Imran Tahir and Dean Elgar both notched up unwanted records during their stints Down Under, but coach Gary Kirsten insists both still have a future. He also reckons the luxury of being able to play seven batsmen is what gives the Proteas the edge. By ANT SIMS.
South Africa might have racked up a record win by clinching their second consecutive series victory Down Under, but two players in the team notched up unwanted records of their own. Imran Tahir registered the worst figures for a bowler without a wicket and Dean Elgar became the first player since Allan Donald in 1992 to record a pair on debut.
Despite their woeful showings, coach Gary Kirsten insists that there is still hope for their futures. Tahir, who made his debut for South Africa in 2011 has been a massive disappointment in Tests and while he was heralded as South Africa’s “big find” the leg-spinner has failed on the big stage.
He was subsequently dropped for the final Test against Australia in Perth with Robin Peterson coming in to replace him. Kirsten insists that Tahir still has a future with the Proteas, provided the leggie is willing to go back to the drawing board and put in the effort on domestic level.
“Our challenge is to get his confidence back up; he has a good idea of what he needs to work on. Hopefully he’ll come back here and see a lot of success in the first-class game again,” Kirsten said.
Peterson, though, strengthens the South African batting line-up rather significantly and after picking up six wickets in the final Test he might have cemented his spot back in the Proteas’ line-up. There is nothing bamboozling about Peterson, but he is far more crafty and patient than Tahir. It’s likely that the left-armer will keep his place in the side come the Test series against New Zealand.
“I think Robin has put in a strong performance (in Perth). The wickets that he got for us were a key factor in that game. He provides an all-rounder option as well.
“He has been around the squad for a period of time now and fought his way back into all environments. Robbie was also one of our most successful performers at the ICC World Twenty20,” said Kirsten.
Elgar might not have had the best of debuts, but Kirsten insisted that judging a player on one performance is not the way forward. Elgar scored 391 runs in first-class cricket in the 2011-12 series at an average of 30.07 – it’s not exactly record-breaking stuff, but the Proteas management will more than likely persist with Elgar for the New Zealand series.
“You can’t read anything into his (under-performance at Perth) at all. Just because he doesn’t perform in one Test match certainly doesn’t mean that he not a valuable part.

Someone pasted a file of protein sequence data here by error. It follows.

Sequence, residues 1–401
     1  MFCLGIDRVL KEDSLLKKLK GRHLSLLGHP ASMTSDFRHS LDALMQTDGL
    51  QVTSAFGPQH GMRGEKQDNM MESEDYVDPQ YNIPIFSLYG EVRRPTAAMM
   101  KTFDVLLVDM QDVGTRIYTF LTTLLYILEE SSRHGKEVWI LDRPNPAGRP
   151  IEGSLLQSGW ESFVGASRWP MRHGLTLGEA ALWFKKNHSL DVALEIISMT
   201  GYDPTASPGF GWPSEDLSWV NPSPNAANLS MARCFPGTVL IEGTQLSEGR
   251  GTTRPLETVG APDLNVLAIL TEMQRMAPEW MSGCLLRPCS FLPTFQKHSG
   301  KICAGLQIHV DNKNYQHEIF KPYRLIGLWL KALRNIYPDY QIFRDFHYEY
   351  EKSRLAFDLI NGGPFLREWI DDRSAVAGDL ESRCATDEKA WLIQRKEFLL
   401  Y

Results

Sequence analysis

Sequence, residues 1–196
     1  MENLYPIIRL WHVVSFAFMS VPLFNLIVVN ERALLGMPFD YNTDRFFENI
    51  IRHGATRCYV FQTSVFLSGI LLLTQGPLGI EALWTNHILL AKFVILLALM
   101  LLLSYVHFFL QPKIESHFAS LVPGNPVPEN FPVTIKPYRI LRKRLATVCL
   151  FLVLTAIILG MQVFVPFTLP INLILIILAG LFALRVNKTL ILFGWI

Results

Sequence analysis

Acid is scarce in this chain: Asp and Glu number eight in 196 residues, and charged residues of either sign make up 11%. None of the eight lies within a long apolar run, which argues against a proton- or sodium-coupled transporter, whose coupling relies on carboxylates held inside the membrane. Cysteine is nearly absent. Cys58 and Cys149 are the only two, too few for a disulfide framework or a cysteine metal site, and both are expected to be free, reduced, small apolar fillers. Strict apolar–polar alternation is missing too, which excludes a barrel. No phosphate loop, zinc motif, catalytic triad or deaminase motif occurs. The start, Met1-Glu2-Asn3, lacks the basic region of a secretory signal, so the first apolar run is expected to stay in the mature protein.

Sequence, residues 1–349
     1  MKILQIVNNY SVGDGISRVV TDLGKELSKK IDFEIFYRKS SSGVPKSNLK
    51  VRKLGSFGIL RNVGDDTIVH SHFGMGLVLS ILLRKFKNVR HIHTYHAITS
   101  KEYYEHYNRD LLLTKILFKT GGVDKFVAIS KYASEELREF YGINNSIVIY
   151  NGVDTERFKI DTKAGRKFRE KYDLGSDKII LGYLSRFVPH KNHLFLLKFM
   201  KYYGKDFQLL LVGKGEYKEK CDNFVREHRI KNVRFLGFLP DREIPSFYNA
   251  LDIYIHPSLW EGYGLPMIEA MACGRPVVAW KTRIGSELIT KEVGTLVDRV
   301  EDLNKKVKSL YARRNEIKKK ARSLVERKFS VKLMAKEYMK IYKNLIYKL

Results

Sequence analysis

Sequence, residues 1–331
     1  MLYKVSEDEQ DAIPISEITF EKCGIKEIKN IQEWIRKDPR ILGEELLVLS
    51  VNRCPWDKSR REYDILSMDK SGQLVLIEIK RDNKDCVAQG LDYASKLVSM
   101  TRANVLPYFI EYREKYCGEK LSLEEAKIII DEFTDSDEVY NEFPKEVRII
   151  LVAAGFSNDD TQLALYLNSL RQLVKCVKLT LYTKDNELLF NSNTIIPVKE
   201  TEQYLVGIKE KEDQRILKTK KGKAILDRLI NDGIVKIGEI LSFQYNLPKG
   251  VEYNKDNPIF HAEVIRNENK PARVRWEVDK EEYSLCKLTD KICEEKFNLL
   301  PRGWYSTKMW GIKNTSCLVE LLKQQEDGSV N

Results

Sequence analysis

“He’s with us because he’s done exceptionally well at first-class level over a period of time and as much as we can we’ll give him a really good opportunity,” Kirsten said.
The coach also believes that the luxury of being able to play seven batsmen adds something extra to the Proteas’ line-up, something not many other teams can boast.
“We can pick a No.7 batter and that has helped us in certain situations. We don’t take that combination lightly. We know how important that is to our Test side in terms of the performances that we all want. There might come a time when we need to look at it another way but for now we have that,” said Kirsten.
His comments could be one of the strongest hints yet that South Africa will persist with AB de Villiers as wicketkeeper for the upcoming Tests against the Black Caps. With de Villiers taking over the gloves from Mark Boucher after he retired through injury, the Proteas were afforded an extra batting option in the form of JP Duminy. Duminy picked up an injury and Faf du Plessis stepped up to the plate, adding some serious meat to an already intimidating batting line-up.
But the wicketkeeper situation remains a tender one, with Thami Tsolekile being handed a central contract at the start of the year with the intention that he would take over from Boucher once the gloveman retired. Yet Tsolekile still hasn’t played and when Kirsten was asked about whether the Lions player would get a shot in the Test, he shied away from a direct answer.
“It’s difficult to say. I feel that our Test team is the flagship of South African cricket and it has had incredible success because we have players with a lot of experience, and a team that has great balance.
“I certainly wouldn’t want to take our results (as a current combination) lightly, though that’s not to say nobody else can play.
“Anyone can play in the Test team, but our combination at the moment is a very successful one. We come back very proud and as the number one side.
“We do make every effort to give guys opportunities in all forms of the game at Proteas level. We think long and hard about selections, (but) this team can stand tall about what it has achieved.”
The Test side and the plan to persist with de Villiers as keeper might seem set in stone, but the option to rest him for the shorter format of the game is one management might consider. However, Tsolekile getting the gloves in the shorter formats is unlikely. The Lions man is not really suited for the T20 format and the Proteas might stick with Dane Vilas for the shorter game.
The selectors are due to meet for a recap of the Australian series next week and to pick a squad for the upcoming T20 series before the Proteas start their home summer on 21 December with a T20 against New Zealand in Durban. DM
Photo: South Africa’s Imran Tahir falls as he avoids a bouncer from Australia’s Peter Siddle on the third day of the second test cricket match at the Adelaide cricket ground November 24, 2012. REUTERS/Regi Varghese
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